In March, the United States Department of Justice charged Wyatt A. Travnichek (22), of Ellsworth County, Kansas, for accessing and tampering with the computer system of the Ellsworth County Rural Water District.
Travnichek accessed the computer system of the Public Water System on or about March 27, 2019, without authorization.
Travnichek worked for the Ellsworth County Rural Water District for roughly one year, he was remote monitoring the plan by accessing the Post Rock computer system.
Once gained access to the public water system, the man allegedly performed malicious actions that halted the processes at the facility that impacted the cleaning and disinfecting procedures.
On May 2021, WSSC Water suffered a ransomware attack that targeted a portion of their network that operates non-essential business systems.
On October 2021, a joint cybersecurity advisory published by the FBI, NSA, CISA, and the EPA revealed three more attacks launched by Ransomware gangs against US water and wastewater treatment facilities (WWS) this year.
It was the first time that these attacks are publicly disclosed, they took place in March, July, and August respectively. The three facilities hit by ransomware operators are located in the states of Nevada, Maine, and California. In all the attacks the ransomware encrypted files on the infected systems and in one of the security incidents threat actors compromised a system used to control the SCADA industrial equipment.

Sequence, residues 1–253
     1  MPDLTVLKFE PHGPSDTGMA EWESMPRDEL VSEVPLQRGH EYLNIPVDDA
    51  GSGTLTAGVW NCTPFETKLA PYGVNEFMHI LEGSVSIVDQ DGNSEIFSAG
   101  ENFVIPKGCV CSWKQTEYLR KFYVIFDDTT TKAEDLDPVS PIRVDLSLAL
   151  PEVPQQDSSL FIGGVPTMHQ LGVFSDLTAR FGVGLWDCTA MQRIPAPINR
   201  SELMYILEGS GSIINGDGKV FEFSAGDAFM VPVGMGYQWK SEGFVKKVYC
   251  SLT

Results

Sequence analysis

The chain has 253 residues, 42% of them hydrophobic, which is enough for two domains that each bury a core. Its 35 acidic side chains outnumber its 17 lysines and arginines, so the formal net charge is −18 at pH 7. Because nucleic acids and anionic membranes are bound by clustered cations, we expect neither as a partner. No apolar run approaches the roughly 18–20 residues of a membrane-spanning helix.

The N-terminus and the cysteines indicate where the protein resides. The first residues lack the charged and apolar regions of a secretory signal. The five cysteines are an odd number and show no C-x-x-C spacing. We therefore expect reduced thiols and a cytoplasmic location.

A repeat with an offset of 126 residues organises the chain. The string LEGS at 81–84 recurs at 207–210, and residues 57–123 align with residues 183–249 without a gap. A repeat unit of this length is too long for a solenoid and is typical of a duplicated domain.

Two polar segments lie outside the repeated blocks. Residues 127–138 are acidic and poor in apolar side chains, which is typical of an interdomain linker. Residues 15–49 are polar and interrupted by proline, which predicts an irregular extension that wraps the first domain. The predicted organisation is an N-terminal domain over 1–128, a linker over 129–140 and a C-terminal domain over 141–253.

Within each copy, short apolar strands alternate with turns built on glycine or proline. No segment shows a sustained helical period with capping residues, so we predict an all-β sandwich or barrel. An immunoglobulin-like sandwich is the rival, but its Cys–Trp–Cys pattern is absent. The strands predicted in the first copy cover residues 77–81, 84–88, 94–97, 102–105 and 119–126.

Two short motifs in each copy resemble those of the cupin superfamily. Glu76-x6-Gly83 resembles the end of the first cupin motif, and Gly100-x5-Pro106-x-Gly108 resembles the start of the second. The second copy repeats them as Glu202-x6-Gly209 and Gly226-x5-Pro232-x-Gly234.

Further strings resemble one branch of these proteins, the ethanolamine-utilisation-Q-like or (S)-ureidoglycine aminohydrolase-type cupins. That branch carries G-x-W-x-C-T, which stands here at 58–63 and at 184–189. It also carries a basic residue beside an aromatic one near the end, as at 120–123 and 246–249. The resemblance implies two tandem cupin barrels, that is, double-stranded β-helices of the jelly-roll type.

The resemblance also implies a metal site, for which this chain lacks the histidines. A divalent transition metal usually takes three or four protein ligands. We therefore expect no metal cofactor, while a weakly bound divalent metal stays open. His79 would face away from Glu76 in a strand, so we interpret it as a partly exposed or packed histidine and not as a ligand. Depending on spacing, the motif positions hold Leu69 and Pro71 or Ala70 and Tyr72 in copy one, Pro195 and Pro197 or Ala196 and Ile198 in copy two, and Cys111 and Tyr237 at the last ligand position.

he three new incidents included in the advisory are:
In August 2021, malicious cyber actors used Ghost variant ransomware against a California-based WWS facility. The ransomware variant had been in the system for about a month and was discovered when three supervisory control and data acquisition (SCADA) servers displayed a ransomware message.
In July 2021, cyber actors used remote access to introduce ZuCaNo ransomware onto a Maine-based WWS facility’s wastewater SCADA computer. The treatment system was run manually until the SCADA computer was restored using local control and more frequent operator rounds.
In March 2021, cyber actors used an unknown ransomware variant against a Nevada-based WWS facility. The ransomware affected the victim’s SCADA system and backup systems. The SCADA system provides visibility and monitoring but is not a full industrial control system (ICS).
Other known attacks against Water and Wastewater systems that took place in the pat were:
In September 2020, personnel at a New Jersey-based WWS facility discovered potential Makop ransomware had compromised files within their system.
In March 2019, a former employee at Kansas-based WWS facility unsuccessfully attempted to threaten drinking water safety by using his user credentials, which had not been revoked at the time of his resignation, to remotely access a facility computer [see media coverage].